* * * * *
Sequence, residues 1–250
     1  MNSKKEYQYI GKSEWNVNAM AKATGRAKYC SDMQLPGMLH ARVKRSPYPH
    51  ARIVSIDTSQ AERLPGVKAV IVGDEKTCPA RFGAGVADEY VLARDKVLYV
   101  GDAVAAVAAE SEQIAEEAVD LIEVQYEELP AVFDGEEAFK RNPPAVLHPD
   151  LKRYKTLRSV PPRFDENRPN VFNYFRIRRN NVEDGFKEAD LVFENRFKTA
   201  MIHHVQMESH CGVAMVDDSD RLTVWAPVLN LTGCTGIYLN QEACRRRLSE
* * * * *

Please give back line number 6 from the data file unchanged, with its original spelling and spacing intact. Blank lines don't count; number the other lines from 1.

   201  MIHHVQMESH CGVAMVDDSD RLTVWAPVLN LTGCTGIYLN QEACRRRLSE